The ALA Annual Convention is a wonderful experience where you meet people with the same interest and same enthusiasm for books, advocacy, learning, and desire to help. The conference ran from June 21, 2018 through June 26, 2018, with the official opening general session on Friday, June 22nd.  The Opening General Session speaker was Former First Lady Michelle Obama! The line to be able to attend Mrs. Obama’s talk, led by Librarian of Congress Carla Hayden, started at 7:30am that morning though Mrs. Obama would not speak until 4:00pm that afternoon.  As a first-time attendee, I will admit to being daunted by the impressive line that formed, but ALA had it all under control. They had more than enough room to accommodate everyone.  What a way to kick off the convention!  Listening to Michelle Obama and Carla Hayden in conversation was a memorable experience. Not to mention listening to Troy “Trombone Shorty” Andrews perform with talented students from the Trombone Shorty Foundation beforehand.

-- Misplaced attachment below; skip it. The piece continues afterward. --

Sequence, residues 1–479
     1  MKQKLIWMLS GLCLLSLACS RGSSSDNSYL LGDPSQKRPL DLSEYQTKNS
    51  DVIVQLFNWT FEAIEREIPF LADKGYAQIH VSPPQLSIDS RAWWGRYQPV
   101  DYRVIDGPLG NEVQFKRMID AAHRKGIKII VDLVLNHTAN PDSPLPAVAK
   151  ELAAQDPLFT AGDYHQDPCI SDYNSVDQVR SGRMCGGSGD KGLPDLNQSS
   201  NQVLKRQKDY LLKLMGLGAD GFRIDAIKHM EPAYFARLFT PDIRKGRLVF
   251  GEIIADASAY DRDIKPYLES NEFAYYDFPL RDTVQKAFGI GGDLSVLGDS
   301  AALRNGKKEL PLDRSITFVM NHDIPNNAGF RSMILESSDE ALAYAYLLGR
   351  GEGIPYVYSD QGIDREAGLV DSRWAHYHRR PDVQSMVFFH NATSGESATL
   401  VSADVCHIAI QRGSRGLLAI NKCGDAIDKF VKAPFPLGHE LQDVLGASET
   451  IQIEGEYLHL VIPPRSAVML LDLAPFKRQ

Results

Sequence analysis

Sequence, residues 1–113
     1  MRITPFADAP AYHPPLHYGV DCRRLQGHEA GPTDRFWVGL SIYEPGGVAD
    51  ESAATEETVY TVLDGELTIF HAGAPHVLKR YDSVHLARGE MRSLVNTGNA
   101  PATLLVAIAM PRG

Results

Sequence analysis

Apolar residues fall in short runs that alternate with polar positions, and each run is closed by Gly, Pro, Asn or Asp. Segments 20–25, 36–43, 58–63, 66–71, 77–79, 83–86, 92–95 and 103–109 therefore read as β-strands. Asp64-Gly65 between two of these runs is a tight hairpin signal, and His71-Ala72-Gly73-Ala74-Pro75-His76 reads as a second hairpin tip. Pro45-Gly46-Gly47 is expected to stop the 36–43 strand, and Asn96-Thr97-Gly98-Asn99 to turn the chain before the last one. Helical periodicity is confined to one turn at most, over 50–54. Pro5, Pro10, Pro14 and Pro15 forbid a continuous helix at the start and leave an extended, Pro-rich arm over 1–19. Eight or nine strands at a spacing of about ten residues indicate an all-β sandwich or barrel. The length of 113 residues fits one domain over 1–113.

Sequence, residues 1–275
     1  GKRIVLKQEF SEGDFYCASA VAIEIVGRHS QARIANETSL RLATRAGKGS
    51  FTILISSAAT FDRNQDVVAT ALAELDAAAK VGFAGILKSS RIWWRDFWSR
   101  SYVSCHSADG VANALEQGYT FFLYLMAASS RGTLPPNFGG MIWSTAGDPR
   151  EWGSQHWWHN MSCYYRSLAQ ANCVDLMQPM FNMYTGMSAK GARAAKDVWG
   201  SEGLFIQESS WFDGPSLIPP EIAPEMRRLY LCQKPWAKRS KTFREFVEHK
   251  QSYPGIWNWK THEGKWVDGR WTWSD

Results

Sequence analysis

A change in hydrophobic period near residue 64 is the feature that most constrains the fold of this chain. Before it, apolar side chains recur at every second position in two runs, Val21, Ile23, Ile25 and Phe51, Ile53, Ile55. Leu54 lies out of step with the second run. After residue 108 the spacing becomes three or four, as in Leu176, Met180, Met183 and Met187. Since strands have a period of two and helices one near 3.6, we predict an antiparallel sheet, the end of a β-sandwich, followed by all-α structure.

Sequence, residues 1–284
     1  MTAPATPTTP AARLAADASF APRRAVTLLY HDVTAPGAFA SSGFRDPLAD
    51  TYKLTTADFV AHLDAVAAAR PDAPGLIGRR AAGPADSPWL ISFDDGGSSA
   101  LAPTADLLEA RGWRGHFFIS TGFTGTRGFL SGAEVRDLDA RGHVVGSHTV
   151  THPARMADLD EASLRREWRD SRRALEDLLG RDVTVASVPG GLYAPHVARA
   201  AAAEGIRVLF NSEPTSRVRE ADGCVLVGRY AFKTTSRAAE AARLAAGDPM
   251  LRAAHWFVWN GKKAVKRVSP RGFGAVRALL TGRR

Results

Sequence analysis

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Teens participate in BFYA Teen Feedback Session @ ALA Annual

A group of teens from the New Orleans area participated in YALSA’S Best Fiction for Young Adults Teen Feedback Session during the ALA Annual Conference. They each read at least three books from this year’s list of BFYA nominations so far. The teens provided the BFYA blogging team with valuable insight about the “teen appeal” of the books. To reward the teens for their hard work and participation, YALSA generously provided them each with a pass to visit the exhibits and collect as many free books as they could carry! After visiting the exhibit hall, teens enjoyed a pizza lunch with nine popular YA authors. The event was a great success. But don’t take our word for it—here’s what some of the teens told us about their favorite part of the day!